SRAM invited a small cadre of journalists to the South of France to ride its new 'Rise' trail/XC wheels and test some cross-country shock tunes for 2012. The news that SRAM was entering the crowded wheel market was suspected, but the Chicago-based parts maker kept the two-year project under a tight lid so when that moment arrived, it could launch the wheel program along with clear details about the origins, engineering and purpose of each product. Two wheel platforms are nearing production: the Rise 40 aluminum wheels will hit the stores in 26 inch and 29 inch sizes around November 2011, with the carbon-fiber-rim Rise 60 wheelsets in both 29 and 26-inch diameters will land around February 2012.
Rise 60 wheels: SRAM’s first shot at a carbon wheelset is pretty sweet. The Rise 60 can be configured by the customer for a number of axle option without tools, and weighs an impressively light 1330 grams a pair.
Rise 40, the aluminum alternative: A bit more than half the cost and nearly the same strength as the Rise 60, Rise 40 wheels share the Sapim CX Ray spokes, lacing pattern, and axle options of the Rise 60, but use a slightly less complicated hub design and a welded aluminum rim.
The launch was tailored to showcase the wheels where they are intended to live – out on the trail, for high-octane back-country shredding. The plan was to meet in Nice, France, get on a SRAM Rise-equipped Rocky Mountain Element, and ride off-road 40 or so kilometers a day from hotel to hotel until we reached the massive Roc d'Azur mountain bike festival in nearby Frejus. The weather was warm and breezy and the riding there is rocky, often steep and technical, and punctuated by rolling dirt roads. In short; the French Riviera is a great place to test wheels in early October – and the point-to-point riding format was sweet.
SRAM Rise Wheels - The Short Version
Blazing the last few meters of a rocky singletrack on the way to Frejus. The terrain in the steep coastal hills changes quickly from polished dolomite to sharp metamorphic stone. Rocks were the theme and the Rise wheels handled them without complaint.
If you want the short version: we had a great time riding with the SRAM wheel team. The new hoops will be a step up from most of their competition and should run shoulder to shoulder with the best in the XC/trailbike class. Weights for the aluminum-rim Rise 40 will run 1710 to 1840 grams in 26 and 29 inch respectively and the numbers for the carbon fiber Rise 60 models are 1330 and 1420 grams in the same order. Front axles from Quick release to 15QR will be served and the rear hub can handle quick release, or 10-millimeter and 142/12 millimeter through-axles. Yes, the hubs have interchangeable parts to configure all possible combinations, and the end caps can replaced without tools. Prices range from $550 US a set for the Rise 40, to $2000 US for the Carbon Rise 60 wheelset. Colors are SRAM red and white with either natural carbon or black-anodized finishes.Why SRAM Wheels?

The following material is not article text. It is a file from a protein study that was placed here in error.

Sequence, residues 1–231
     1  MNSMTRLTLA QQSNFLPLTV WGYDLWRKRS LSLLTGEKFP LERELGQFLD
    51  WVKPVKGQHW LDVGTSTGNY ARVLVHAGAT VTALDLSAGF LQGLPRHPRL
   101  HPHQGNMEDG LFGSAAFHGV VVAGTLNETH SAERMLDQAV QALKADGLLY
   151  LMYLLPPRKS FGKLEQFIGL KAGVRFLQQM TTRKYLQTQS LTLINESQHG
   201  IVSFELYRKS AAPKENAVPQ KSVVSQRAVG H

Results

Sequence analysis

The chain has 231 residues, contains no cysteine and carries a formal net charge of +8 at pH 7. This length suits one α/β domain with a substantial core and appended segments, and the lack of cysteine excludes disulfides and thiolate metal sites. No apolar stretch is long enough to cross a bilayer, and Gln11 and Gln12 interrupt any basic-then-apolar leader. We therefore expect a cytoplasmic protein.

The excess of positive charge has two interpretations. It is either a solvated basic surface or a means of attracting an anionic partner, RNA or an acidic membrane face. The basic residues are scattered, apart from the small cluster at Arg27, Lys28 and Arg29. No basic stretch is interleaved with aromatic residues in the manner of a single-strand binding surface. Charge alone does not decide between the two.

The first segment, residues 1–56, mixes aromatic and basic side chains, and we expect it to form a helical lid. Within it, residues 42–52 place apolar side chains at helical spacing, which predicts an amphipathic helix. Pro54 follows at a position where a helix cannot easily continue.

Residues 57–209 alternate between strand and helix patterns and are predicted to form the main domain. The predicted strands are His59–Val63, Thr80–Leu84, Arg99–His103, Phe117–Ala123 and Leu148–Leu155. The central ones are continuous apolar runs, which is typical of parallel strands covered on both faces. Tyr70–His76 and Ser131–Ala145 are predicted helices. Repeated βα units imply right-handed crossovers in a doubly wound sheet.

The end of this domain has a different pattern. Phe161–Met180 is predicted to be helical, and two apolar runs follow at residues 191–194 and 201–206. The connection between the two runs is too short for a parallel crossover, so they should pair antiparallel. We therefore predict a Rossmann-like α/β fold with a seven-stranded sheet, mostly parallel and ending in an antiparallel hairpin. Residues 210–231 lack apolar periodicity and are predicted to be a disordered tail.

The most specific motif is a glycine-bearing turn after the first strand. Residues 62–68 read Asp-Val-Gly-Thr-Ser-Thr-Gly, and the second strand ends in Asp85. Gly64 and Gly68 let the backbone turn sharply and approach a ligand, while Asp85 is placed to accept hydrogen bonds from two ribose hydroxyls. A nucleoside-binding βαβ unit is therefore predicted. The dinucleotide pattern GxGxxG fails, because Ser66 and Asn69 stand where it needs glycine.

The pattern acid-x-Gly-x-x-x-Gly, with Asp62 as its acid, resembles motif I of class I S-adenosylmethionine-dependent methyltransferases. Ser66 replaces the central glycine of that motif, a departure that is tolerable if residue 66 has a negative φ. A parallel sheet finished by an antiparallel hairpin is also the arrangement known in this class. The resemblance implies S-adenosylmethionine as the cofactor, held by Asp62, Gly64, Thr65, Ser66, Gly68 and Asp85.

SRAM is a components supplier to the world’s bicycle makers, so it makes sense to extend its range to wheels. Considering that it already manufactures everything that surrounds the wheel; brakes, suspension forks, cassettes and through-axle quick releases, the fact that SRAM has ignored wheels up to this point is the more pertinent question.
A number of years ago SRAM acquired Zipp, THE
wheel builder within the ethereal ranks of ProTour and multi-sport road racing. Zipp’s experience with carbon rim design and wheel engineering is unparalleled, so SRAM’s off-road hoops began their development curve where most of its present competitors ended. Carbon manufacturing and the final assembly of SRAM’s Rise 60 wheels takes place in the USA at Zipp’s Indianapolis factory, so there can be no question that the 60 is the real deal. SRAM is a global manufacturer, so its hubs are produced in a SRAM-owned Taiwan factory and shipped to the Zipp factory for assembly. SRAM announced that its aluminum-rim Rise 40 wheels will be built and assembled in Taiwan so they can directly service OEM bike makers with Taiwanese and Chinese factories.
Rim highlights: (Clockwise)
The carbon fiber Rise 60 wheel didn’t show a hint of strain after back to back 35-mile trail rides in the rocky coastal hills near the French Riviera. Lunch break on the beach. Woven carbon bridge of the Rise 60 rim and conventional drilled spoke holes of the Rise 60 carbon rim. The aluminum Rise 40 rim profile (left)
is slightly flatter in profile than the 26-millimeter-deep carbon fiber Rise 60 rim. Rise Wheel Technology
The Rise wheel team is based at SRAM’s Colorado Springs facility that the RockShox crew calls home. The two-year project began with a theoretical list of must-haves, and a bunch of relatively blank computer screens. SRAM said it began its journey into wheel building with six critical waypoints: low weight, minimum inertia, better freehub engagement, superior lateral stiffness, a degree of vertical compliance, and low rolling drag. The relatively blank screen part refers to the fact that SRAM’s intention to market its wheels to OEM customers in Europe required the team to adhere to strict ETRTO (European Technical Rim and Tire Organization) standards which dictate the profile, inner-width, height and bead retention design of the rim, and also confines various rim widths to existing tire sizes. For instance; the 19-millimeter inner diameter of the Rise 60 and 40 rims allows the use of tires from 1.9 to 2.4 inches. Choosing a narrower, 17-millimeter rim profile would eliminate the possibility for an OEM customer to spec 2.35-inch or larger tires.Staying within convention:
SRAM chose conventional building methods for the Rise project to ensure that its 40 and 60 wheels could be serviced by both individuals and bike shop mechanics worldwide. Spokes are Sapim CX Ray aero-profile with aluminum nipples. Front and rear wheels are laced two-cross with 24-spokes and the hub flange design allows the use of straight-pull spokes. Spoke tension is quite high, which means that Rise wheels feel responsive – and that they will need to be checked for tension when spoke-replacement time arrives.